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Cisco, HPE and Dell vie for a bigger slice of the converged and hyperconverged pie
Thu, 11th Aug 2016
FYI, this story is more than a year old

A larger share of the converged and hyperconverged infrastructure markets is up for grabs, as vendors vie for a bigger slice of the pie.

According to global research firmCurrent Analysis, the markets for converged and hyperconverged infrastructure are currently among the data center industry's most exciting and fast-changing competitive arenas.

The company says recent months have seen several developments that illustrate the opportunities vendors believe converged solutions have to offer.

These include the launch of new hyperconverged products by Cisco, Hewlett Packard Enterprise (HPE) and Dell, as well as the development and expansion of existing offerings.

“As the markets for converged and hyperconverged infrastructure continue to evolve, enterprises will have access to a growing range of offerings that include full appliances, reference architectures and software-only options that are flexible in terms of the platform they run on,” explains analyst Chris Drake.

“Despite considerable differences, what all of these solutions share is the goal of reducing the complexity of data center infrastructure, making it easier to manage, increasing resource efficiency and reducing operating costs.

Drake says converged and hyperconverged platforms also aim to make data center architectures flexible and agile enough to respond to fluctuating demands and ensure that IT departments can rapidly provision resources and deploy new services and applications that support revenue generation.

In March, Cisco made its hyperconverged market debut with the launch of HyperFlex, an appliance based on its Unified Computing System (UCS) and which includes pre-integrated networking as a key differentiator.

The same month, HPE launched an update to its Hyper Converged 380 (HC 380) offering, which is built on HPE applications and technologies – rather than third-party components – in order to reduce costs and improve performance for end users.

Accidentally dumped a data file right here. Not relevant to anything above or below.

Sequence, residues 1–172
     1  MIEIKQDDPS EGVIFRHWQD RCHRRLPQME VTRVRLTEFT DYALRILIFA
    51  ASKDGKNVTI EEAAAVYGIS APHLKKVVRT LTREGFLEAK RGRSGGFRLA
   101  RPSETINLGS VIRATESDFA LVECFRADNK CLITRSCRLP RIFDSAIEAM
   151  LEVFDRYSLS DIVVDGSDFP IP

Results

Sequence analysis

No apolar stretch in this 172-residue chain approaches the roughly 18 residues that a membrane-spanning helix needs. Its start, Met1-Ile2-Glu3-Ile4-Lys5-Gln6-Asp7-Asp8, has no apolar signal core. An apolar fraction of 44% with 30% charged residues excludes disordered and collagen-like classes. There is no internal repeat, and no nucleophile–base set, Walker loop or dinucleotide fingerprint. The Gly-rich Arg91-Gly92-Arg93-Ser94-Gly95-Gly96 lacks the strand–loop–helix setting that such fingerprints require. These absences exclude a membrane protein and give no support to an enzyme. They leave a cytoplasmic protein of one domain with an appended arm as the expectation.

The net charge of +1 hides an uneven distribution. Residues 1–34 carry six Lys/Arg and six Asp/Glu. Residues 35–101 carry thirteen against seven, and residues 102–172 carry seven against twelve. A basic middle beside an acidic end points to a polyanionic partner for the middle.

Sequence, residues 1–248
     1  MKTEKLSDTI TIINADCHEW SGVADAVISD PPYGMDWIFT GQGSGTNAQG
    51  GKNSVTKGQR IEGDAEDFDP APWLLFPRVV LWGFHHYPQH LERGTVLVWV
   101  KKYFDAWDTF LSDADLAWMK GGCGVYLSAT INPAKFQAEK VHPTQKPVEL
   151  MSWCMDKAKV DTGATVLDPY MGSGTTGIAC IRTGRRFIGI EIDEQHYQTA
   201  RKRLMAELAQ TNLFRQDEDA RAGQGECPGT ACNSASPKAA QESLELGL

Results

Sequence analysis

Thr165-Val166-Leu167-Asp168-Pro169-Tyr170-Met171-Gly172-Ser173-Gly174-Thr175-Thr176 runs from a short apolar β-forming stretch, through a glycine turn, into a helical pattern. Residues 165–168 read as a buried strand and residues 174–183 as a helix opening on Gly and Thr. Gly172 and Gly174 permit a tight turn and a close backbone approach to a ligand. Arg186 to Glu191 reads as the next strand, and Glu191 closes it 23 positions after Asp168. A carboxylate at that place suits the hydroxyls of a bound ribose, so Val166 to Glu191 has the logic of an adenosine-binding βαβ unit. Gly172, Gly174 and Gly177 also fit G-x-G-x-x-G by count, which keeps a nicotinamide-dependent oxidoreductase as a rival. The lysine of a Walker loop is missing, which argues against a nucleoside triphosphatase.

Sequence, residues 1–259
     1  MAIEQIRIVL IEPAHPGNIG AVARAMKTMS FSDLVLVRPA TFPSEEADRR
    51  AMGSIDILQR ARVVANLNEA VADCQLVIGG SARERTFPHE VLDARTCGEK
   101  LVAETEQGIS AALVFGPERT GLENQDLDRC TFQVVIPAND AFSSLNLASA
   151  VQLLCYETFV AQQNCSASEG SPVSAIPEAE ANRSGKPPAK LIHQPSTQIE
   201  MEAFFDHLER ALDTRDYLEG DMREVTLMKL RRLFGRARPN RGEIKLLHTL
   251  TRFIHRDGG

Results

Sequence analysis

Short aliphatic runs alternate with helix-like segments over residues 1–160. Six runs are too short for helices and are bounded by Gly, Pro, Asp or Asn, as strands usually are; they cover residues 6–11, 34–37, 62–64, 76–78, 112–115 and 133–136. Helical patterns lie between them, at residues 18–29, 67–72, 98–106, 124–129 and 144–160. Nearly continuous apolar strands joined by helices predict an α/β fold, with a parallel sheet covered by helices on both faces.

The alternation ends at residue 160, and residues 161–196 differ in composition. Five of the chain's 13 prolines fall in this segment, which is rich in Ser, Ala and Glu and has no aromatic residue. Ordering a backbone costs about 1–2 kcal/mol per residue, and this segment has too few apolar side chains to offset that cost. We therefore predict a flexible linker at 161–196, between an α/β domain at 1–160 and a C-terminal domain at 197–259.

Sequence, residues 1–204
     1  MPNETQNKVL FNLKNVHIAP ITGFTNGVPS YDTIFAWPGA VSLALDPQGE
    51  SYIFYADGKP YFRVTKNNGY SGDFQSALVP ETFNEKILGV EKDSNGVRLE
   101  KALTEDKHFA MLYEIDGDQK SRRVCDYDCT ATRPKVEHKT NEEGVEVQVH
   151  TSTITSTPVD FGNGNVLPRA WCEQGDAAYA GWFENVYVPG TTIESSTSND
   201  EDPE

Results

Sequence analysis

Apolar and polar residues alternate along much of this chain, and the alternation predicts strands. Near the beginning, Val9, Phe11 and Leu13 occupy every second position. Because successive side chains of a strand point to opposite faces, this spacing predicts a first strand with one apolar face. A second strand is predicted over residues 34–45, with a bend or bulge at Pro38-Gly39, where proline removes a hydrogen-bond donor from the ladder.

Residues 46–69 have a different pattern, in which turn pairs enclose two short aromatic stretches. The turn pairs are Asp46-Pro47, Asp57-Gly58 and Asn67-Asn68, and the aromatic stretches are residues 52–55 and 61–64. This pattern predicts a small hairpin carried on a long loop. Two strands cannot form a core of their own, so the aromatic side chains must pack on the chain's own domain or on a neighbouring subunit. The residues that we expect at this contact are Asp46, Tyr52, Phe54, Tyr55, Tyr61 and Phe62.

Drake says HPE will target mid-sized and remote office branch office enterprises with its new hyperconverged offering.

“This highlights the opportunity for hyperconverged solutions vendors to specialise in serving specific market segments or even vertical industries,” he says.

Meanwhile, although Dell is no newcomer to hyperconverged infrastructure, the company recently announced enhancements to its XC series, as well as a plan to resell hyperconverged offerings from EMC and VCE.

“As it prepares to merge with EMC, Dell's hyperconverged strategy involves capitalising on the strength and reputation of the Dell, EMC, VCE and VMware brands, as well as providing a broad selection of hyperconverged offerings that range from flexible building blocks to appliances and full stack solutions,” Drake says.

Cisco, HPE and Dell are already established players in the market for converged infrastructure, alongside other major providers that include IBM, Oracle, NetApp and Hitachi.

According to Drake, the latest moves by Cisco, HPE and Dell to establish or expand their position in the growing market for hyperconverged solutions

“It also highlights the strong belief these vendors have in their respective advantages vis-à-vis hyperconverged market heavyweights SimpliVity and Nutanix,” he says.

“Over time, it's likely that we'll see increasingly innovative applications and deployments of hyperconverged infrastructure as technologies and strategies mature,” Drake says.

“It is, however, also fair to speculate about whether the market for hyperconverged solutions can sustain the current number of providers and the likelihood that we'll see future consolidation,” he explains.

“The survival of companies, strategies and products usually depends on a range of factors, including corporate stability and business momentum as well as brand strength and reputation,” adds Drake.

“In addition, the popularity and ultimate success of individual hyperconverged solutions will be shaped by things such as cost, scalability, time to deploy, ease of use and flexibility – including their ability to work with other hardware and software.